Open Access Commentary

Manchester Repair as A Uterine Preservation Surgery

Sivakumar S Balakrishnan*

Consultant O&G and Urogynecologist, Malaysia

Corresponding Author

Received Date: June 05, 2019;  Published Date: July 01, 2019


Uterine preservation surgery in uterovaginal prolapse is beginning to be relooked at more vigorously now. The need for uterine preservation surgery is for the reasons of desire for future fertility, maintaining sexual function and sense of identity for the woman. Incontinence and pelvic organ prolapse (POP) have an impact on sexuality. Observational prospective longitudinal cohort study to evaluate the impact of uterus preservation after POP repair on sexual function demonstrated that POP plays a role in female sexual dysfunction and uterus sparing surgery is associated with a greater improvement in sexual function [1]. However, the uterine conserving surgery does have its contraindications such as history of current or recent cervical dysplasia, abnormal menstrual bleeding, postmenopausal bleeding and other endometrial pathology. In these cases, therefore conservation of the uterus would not be advocated.

The conservative options such as pelvic floor exercises and the use of vaginal support pessary can be attempted if surgical option is not suitable or required to be delayed. Among the common uterine preservation surgery is the Manchester repair, Hysterosacrocolpopexy and Sacrospinous hysteropexy.

Hysterosacrocolpopexy is performed by abdominal approach either via open, laparoscopic or robotic technique. The vaginal approach is either by the Manchester operation or the sacrospinous hysteropexy.

The Manchester operation or also known as Fothergill operation is an old operation first introduced in 1888 in Manchester, England by Dr Archibald Donald. It was later combined into a single procedure by Dr William Fothergill who subsequently reported the procedure [2]. The indication for this surgical option is mainly cervical elongation and also as a uterine conserving surgery for young women who wish to maintain their reproductive capacity. It is also can be performed for women with uterine prolapse who prefer to conserve their uterus.

The procedure generally requires amputating the cervix after detaching the uterosacral ligaments. This is followed by reattachment of the uterosacral ligaments to the remnant cervical stump. Studies have shown that the Manchester procedure is equally effective when compared with vaginal hysterectomy in regard to not only anatomical outcome but with less morbidity [3,4]. Liebergall-Wischnitzer M, et al [5] concluded in a study that the modified Manchester procedure including reconstructive surgery for women with cervix elongation, with or without POP, prevented recurrent uterine prolapse. The surgery was also well received in terms of patient’s satisfaction, quality of life, and sexual function [5].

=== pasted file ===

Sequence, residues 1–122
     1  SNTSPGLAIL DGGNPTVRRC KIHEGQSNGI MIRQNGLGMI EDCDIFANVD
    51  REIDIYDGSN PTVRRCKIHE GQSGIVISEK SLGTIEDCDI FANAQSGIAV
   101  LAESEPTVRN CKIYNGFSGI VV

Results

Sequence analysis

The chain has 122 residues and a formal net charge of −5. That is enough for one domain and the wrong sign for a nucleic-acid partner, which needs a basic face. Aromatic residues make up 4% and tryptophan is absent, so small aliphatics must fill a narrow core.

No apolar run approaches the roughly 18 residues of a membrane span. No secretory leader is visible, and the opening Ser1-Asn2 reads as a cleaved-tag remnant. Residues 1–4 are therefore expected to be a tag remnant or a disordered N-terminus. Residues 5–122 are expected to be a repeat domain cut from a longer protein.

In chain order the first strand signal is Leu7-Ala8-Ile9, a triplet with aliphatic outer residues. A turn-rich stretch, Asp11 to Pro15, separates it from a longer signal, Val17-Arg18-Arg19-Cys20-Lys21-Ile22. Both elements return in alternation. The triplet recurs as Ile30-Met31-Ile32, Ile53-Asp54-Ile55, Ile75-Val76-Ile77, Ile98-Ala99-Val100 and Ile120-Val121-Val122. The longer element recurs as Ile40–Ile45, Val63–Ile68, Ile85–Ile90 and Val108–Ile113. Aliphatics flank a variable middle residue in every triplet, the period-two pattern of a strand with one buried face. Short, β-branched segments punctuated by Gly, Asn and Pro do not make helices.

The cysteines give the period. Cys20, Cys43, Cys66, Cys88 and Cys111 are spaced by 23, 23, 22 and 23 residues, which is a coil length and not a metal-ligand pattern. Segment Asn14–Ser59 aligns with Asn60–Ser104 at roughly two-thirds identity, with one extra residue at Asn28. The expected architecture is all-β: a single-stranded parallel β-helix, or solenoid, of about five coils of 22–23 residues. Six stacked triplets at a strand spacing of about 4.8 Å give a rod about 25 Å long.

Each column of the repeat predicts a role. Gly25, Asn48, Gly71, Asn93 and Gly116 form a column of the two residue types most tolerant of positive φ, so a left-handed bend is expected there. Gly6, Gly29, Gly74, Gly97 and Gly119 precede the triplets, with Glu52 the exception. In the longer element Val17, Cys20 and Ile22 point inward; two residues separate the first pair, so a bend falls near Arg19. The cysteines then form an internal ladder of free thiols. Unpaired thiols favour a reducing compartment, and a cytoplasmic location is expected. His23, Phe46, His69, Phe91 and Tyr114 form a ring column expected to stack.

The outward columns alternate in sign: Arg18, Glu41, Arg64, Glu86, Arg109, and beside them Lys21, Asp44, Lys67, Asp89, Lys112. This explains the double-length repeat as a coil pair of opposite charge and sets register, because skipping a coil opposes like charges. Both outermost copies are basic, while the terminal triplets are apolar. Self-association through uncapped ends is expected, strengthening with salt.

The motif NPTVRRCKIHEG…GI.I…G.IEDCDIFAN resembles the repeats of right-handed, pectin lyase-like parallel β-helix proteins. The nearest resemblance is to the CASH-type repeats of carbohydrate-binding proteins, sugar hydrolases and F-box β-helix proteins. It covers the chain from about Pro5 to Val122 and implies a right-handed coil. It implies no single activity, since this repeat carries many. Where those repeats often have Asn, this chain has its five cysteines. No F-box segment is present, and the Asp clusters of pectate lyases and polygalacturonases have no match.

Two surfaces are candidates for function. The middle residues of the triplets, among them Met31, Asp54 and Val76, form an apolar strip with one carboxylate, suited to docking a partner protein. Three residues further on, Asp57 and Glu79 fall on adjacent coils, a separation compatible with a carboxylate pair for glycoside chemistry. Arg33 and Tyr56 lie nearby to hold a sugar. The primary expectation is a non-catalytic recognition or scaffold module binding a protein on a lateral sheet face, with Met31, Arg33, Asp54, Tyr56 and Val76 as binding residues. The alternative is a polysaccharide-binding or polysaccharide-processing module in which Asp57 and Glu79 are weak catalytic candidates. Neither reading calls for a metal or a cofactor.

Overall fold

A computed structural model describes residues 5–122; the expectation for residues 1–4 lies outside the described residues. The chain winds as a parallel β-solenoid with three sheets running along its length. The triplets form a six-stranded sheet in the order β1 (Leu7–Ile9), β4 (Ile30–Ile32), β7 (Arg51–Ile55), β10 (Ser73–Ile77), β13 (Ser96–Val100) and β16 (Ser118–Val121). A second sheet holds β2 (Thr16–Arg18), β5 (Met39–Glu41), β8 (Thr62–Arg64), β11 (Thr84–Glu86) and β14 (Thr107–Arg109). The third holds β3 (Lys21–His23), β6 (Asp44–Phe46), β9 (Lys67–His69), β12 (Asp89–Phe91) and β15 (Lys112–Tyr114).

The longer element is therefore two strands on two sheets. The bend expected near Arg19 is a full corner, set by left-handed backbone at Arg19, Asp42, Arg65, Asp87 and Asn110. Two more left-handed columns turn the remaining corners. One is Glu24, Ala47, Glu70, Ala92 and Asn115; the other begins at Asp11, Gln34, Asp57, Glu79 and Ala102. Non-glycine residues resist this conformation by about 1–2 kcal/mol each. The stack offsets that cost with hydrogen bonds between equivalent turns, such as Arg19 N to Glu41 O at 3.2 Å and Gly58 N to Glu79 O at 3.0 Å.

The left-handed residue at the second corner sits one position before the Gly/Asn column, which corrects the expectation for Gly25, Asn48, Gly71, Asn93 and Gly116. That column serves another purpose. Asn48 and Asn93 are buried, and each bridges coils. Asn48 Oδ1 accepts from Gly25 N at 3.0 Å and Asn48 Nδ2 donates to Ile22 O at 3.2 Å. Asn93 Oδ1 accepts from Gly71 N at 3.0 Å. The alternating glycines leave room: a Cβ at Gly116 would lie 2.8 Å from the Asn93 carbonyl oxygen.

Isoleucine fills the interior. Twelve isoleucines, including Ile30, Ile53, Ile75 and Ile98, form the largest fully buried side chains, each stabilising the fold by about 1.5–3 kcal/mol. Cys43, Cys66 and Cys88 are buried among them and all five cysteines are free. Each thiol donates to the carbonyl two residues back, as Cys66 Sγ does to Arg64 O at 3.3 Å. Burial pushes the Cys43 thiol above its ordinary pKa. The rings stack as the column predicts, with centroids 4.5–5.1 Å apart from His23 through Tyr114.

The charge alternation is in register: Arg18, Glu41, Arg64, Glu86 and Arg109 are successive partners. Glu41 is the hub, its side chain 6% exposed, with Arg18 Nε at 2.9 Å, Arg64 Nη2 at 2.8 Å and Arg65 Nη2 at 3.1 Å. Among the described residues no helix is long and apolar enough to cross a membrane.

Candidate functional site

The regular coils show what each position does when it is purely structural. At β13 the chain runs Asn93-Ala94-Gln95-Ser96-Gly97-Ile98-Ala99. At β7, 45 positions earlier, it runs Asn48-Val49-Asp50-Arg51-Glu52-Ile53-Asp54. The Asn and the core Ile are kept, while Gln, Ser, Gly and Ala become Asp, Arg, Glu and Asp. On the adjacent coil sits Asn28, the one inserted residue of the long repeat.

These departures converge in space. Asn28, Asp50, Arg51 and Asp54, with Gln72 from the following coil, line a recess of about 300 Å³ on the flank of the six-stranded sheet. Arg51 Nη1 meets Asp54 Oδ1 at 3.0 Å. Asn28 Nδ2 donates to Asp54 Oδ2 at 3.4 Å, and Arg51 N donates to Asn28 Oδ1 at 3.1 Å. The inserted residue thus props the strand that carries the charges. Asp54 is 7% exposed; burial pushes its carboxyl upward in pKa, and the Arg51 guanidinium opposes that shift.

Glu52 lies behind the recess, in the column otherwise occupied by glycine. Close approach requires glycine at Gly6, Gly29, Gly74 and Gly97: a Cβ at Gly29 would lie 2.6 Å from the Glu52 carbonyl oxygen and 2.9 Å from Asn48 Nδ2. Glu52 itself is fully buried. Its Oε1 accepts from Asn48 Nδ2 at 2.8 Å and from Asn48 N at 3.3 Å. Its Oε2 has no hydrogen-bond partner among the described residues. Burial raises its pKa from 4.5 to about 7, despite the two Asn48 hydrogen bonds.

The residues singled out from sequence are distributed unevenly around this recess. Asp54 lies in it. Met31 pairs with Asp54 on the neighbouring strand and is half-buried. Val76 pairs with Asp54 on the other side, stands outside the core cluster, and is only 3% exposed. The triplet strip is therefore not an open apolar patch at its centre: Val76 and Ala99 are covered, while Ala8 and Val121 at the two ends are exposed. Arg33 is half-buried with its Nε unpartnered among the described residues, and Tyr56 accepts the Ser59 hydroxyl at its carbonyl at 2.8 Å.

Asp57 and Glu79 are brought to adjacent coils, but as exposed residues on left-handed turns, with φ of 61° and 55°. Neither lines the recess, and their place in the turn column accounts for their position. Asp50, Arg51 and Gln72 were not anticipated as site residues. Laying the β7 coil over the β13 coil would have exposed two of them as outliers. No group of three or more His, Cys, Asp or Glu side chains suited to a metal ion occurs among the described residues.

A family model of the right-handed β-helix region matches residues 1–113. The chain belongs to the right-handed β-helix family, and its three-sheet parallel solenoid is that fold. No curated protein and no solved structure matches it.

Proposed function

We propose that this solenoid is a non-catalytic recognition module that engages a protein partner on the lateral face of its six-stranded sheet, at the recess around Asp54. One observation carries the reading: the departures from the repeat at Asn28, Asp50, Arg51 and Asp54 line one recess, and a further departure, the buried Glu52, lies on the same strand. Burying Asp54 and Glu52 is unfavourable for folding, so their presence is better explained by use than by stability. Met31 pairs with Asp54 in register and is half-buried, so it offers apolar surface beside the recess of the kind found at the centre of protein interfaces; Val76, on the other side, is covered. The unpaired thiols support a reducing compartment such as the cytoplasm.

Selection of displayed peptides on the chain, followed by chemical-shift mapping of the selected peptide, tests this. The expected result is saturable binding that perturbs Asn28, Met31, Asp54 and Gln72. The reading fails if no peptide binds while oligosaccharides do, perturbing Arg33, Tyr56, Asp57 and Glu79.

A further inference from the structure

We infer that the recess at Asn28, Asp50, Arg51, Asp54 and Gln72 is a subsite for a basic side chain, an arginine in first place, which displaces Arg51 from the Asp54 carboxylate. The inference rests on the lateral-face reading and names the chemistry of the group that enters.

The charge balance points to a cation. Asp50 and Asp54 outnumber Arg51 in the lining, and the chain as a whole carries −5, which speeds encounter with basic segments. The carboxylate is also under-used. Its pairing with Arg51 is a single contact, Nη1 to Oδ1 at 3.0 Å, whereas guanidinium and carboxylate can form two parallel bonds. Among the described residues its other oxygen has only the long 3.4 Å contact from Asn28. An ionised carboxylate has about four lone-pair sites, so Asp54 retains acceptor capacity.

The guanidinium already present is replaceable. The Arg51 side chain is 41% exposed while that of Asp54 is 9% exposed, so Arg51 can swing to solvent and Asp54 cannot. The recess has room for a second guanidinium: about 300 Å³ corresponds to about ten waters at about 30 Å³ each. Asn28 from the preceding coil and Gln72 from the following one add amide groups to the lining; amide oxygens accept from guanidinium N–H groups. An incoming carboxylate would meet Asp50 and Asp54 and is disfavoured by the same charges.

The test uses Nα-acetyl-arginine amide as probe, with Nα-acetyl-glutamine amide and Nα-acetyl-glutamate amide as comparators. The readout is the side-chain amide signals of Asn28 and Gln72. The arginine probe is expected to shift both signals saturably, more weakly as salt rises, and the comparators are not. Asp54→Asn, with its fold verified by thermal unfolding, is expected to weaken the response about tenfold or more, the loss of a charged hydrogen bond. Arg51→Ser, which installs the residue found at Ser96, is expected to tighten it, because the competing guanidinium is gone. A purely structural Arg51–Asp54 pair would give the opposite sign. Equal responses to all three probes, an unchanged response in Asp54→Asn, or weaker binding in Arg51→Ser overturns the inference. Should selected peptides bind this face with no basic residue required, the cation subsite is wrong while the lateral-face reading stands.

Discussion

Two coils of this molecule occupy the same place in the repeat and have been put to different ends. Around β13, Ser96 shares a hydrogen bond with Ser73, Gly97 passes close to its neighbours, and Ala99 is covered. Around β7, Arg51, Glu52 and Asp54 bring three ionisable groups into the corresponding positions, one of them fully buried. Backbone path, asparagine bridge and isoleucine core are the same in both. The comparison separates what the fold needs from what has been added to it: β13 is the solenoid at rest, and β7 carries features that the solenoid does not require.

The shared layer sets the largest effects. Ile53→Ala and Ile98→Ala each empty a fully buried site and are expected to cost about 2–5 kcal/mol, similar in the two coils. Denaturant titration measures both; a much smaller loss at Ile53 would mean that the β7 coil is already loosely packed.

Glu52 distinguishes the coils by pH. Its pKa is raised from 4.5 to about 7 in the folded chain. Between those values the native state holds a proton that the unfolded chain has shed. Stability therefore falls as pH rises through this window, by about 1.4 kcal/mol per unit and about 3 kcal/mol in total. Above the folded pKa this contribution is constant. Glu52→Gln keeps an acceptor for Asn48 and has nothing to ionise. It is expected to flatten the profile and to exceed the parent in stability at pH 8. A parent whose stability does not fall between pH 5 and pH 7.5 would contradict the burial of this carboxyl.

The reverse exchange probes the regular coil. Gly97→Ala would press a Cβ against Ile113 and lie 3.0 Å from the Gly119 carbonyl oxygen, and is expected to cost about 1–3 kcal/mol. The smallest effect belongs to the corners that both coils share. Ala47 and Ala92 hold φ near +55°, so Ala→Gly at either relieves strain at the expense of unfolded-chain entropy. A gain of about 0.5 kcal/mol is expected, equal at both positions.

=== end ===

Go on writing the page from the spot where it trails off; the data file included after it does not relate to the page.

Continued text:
In a review in our own centre, we found that it is a useful surgery for Stage 1and2 (POP-QICS) uterine prolapse. There were minimal complications and lesser risk of recurrence. (Manchester repair for Uterine conservation-A 3year experience in Penang Hospital S Balakrishnan, Dass AK, Rahman A. Dept of O&G, Penang Hospital, Penang, Malaysia presented in the IUGA /ICS 2010). Tolstrup CK, et al [6] found that the anatomical recurrence rate was 4-7 % after vaginal hysterectomy, whereas recurrence was very rare after the Manchester procedure6. It is therefore a good option for younger women with uterine prolapse. One of the main reasons for uterine preservation surgery is to maintain reproductive capacity. There is always a possibility for the women to get pregnant, but a theoretical risk of premature delivery does exist. Tipton RH, et al [7] described 5 women after Manchester procedure who wished to conceive (out of 82 women) of which 2 of them had uneventful pregnancies. 1 patient unfortunately suffered a miscarriage and 2 did not conceive. The risk of premature delivery is unknown, but it is postulated that it is possibly higher with cervical amputation [7].

In another review by Hopkins MP, et al. [8] it was advised that patients who had undergone a Manchester operation can develop disease in the retained uterine corpus. This should be considered in the differential diagnosis of a pelvic mass in a patient with previous Manchester surgery. They describe 3 cases of pelvic mass after this surgery. There was a patient with a well-differentiated adenocarcinoma in the retained uterine corpus, another patient had retained blood-filled corpus with an early-stage fallopian tube cancer. The last patient had a retained corpus was distended and filled with mucoid material [8].

The Manchester repair for uterine preservation for prolapse is a good option for patients with need for reproductive needs as well as for patients who wished to retain their uterus. It is a useful technique which appears to be making a comeback among the urogynecology surgeons. It is generally found to be equally effective as vaginal hysterectomy and repair for uterine prolapse. The risks and complications rate are either equal or even less than vaginal hysterectomy. Successful pregnancy after this procedure has been described albeit possible antenatal problems such as premature delivery. It should be an option given to a patient presenting with uterine prolapse wishing for surgical correction.



Conflict of Interest

No conflicts of interest.

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